It is my pleasure to introduce you to a fun writer to know and to read: Cole Gibsen. Her debut novel, Katana, is like an all you can eat candy shop for a chocoholic--with accurate fight scenes (in my humble 3rd degree Black Belt opinion) not to mention she has her character use my favorite weapon --the Katana (a weapon I had started studying since I was 11). Take these facts; add in humor, a liberal dash of "Buffy the Vampire Slayer" and stir with a "Kill Bill" Katana and you get Rileigh Martin--the heroin of Katana.

So please sit back with a cup of coffee (or whatever beverage you wish to enjoy) and join us for a coffee with Cole and I.

David Alan Lucas: When you are starting to work on a new novel, what do you find brings the story into focus for you? A Character? A setting? Something else?

Cole Gibsen: Voice is usually the first thing I’ll focus on when I begin a new novel because it will be the first thing that resonates inside my head. I’ll usually have a particular character talking to me before their story unfolds. That’s not at all crazy…right? RIGHT?

DAL: What attracted you to YA fiction?

CG: For me, my favorite thing about writing for teens is the raw emotions and “firsts” they get to experience at that age. Now, you couldn’t pay me enough to go back in time and relive my teen years—but write about them? Yes, please!

DAL: In Katana, you have a very well developed voice that brings out the teenage heroin. How were you able to develop the voice?

CG: I adore teenagers. Maybe it’s because my own teen years were so rough, but I’ve always had a special place in my heart for that particular age group. Maybe it’s because of this that I’m able to relate to them.

DAL: What was the hardest part of writing Katana?

CG: The comedy. I have a quirky sense of humor and what is hilarious to me might be lost on other people. Writing KATANA, I was scared that people wouldn’t get my weird sense of humor. Luckily, for the most part, it seems that most people are just as goofy as me. This is cause to celebrate because, really, the more the merrier. This world can be too serious sometimes.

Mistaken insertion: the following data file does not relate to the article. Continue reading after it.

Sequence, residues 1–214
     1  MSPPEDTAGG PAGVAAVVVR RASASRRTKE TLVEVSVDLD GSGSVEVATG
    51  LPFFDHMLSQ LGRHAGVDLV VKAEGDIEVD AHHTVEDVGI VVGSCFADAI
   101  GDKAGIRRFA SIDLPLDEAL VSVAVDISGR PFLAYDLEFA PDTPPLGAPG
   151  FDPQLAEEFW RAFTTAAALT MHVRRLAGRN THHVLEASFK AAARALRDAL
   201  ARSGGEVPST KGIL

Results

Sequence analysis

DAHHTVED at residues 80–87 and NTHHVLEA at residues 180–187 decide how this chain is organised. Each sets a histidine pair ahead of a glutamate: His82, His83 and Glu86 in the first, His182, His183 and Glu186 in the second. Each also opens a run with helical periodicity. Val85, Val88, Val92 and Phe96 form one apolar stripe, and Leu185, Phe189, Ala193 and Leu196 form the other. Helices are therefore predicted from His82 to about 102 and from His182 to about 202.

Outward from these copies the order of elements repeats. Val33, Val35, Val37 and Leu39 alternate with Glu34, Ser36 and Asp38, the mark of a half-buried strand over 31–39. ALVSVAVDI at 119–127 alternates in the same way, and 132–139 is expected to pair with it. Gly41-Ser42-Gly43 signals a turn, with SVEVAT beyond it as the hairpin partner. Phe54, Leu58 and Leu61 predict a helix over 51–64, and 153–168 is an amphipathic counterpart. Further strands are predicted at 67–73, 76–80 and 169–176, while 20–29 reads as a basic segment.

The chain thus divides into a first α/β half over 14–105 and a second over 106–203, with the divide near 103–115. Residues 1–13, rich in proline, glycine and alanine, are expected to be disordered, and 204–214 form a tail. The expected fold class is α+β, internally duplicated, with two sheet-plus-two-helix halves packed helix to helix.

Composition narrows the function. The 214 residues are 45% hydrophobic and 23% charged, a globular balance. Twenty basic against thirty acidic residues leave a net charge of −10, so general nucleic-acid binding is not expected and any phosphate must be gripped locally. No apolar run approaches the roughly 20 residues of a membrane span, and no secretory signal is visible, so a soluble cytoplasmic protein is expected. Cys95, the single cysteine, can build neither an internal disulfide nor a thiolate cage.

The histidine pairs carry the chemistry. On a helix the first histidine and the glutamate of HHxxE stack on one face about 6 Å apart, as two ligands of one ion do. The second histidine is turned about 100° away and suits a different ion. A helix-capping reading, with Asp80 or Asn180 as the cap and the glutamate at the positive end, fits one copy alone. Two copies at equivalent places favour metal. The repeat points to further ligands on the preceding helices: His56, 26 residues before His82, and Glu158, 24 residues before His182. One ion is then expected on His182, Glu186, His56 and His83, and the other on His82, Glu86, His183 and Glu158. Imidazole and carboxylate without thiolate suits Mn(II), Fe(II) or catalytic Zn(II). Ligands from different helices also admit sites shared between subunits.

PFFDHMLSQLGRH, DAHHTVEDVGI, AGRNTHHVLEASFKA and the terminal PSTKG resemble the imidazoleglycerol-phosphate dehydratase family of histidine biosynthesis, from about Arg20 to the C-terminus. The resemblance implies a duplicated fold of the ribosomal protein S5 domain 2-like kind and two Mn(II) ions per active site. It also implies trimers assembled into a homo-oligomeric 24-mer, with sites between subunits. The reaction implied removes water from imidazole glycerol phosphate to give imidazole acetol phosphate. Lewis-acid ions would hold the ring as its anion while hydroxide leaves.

DAL: What themes in your fiction writing seem to drive you the most?

CG: Comic books! I love them! And if I can write a novel that has a comic book feel, then I know I’m on the right track.

DAL: Do you work on multiple novels at once? If so, how many?

CG: Oh, I can’t even imagine! I’m a one-novel-at-a-time-girl. I can’t imagine having any more voices inside my head than I already do.

DAL: What do you find focuses your writing?

CG: Opening the document. It’s amazing how many distractions will pull you away from clicking on the Word icon. But I find that once I have it open, I’m usually okay.

DAL: How easy was it to take the leap of faith to become a serious writer and chase this career? What did you find that you had to do to take the step?

CG: It wasn’t easy at all. I had a lot of self doubt that held me back from even attempting to write my first novel. It wasn’t until the economy bottomed out and I was forced to close my business that I decided to really give it a serious go. At that point I figured, I had nothing to lose.

DAL: What was your biggest fear when you decided to be published?

CG: My internal editor likes to whisper things like, “They’re all going to laugh at you!” and “This is complete crap!” My biggest fear was that my internal editor was right.

DAL: Who was the most influential person or persons in your writing career?

CG: One of my mentors is a fabulous St. Louis young adult writer by the name of Antony John. I don’t know where I’d be without his career advice and guidance.

DAL: If there was some advice that you could give to a fellow writer, what would it be?